Old alcohol ordinance may soon be on the way out
By: Bill Schammert
A Lincoln city ordinance dating back to the Truman Administration could soon be a thing of the past.
Since 1949, it has been against city law for an unaccompanied person under 16 years old to go anywhere that has a liquor license.
“It was written to keep young people out of bars at night,” council member Doug Emery said. “That's not where we live today.”
And it doesn't only apply to bars. The ordinance applies to restaurants, event arenas, grocery stores and yes, movie theatres.
The 65-year-old rule was brought to light last month after Marcus Theatres asked for, and was granted a liquor license for their Grand location in Lincoln. But, a spokesperson for the company said it would hold off on serving alcohol until the city figures out what to do about this ordinance.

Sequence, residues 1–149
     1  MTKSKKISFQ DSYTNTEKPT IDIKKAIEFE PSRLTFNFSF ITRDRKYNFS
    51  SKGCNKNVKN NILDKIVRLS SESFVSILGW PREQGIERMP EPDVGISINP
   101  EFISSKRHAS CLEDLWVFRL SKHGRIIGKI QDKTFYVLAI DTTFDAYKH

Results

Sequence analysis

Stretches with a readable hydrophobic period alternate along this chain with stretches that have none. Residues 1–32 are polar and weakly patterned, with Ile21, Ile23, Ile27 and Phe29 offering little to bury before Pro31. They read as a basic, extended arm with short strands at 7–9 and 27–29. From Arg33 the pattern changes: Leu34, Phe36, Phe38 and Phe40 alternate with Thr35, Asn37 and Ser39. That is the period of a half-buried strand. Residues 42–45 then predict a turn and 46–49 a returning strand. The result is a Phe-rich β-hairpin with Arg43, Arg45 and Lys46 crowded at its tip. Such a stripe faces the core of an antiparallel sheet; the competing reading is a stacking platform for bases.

“As it's written, it's not enforced,” attorney Tim O'Neil said at Monday's city council meeting. “It's overly broad and we really hope you repeal the ordinance.”
It's an option that's on the table and seems likely, but not everyone is completely sold, yet.
“There are more places where alcohol is available today,” councilman Jonathan Cook said. “Maybe that creates a larger concern. It's at least something that needs to be talked about.”
The Lincoln City Council is expected to officially vote on whether to repeal the ordinance at next Monday's meeting.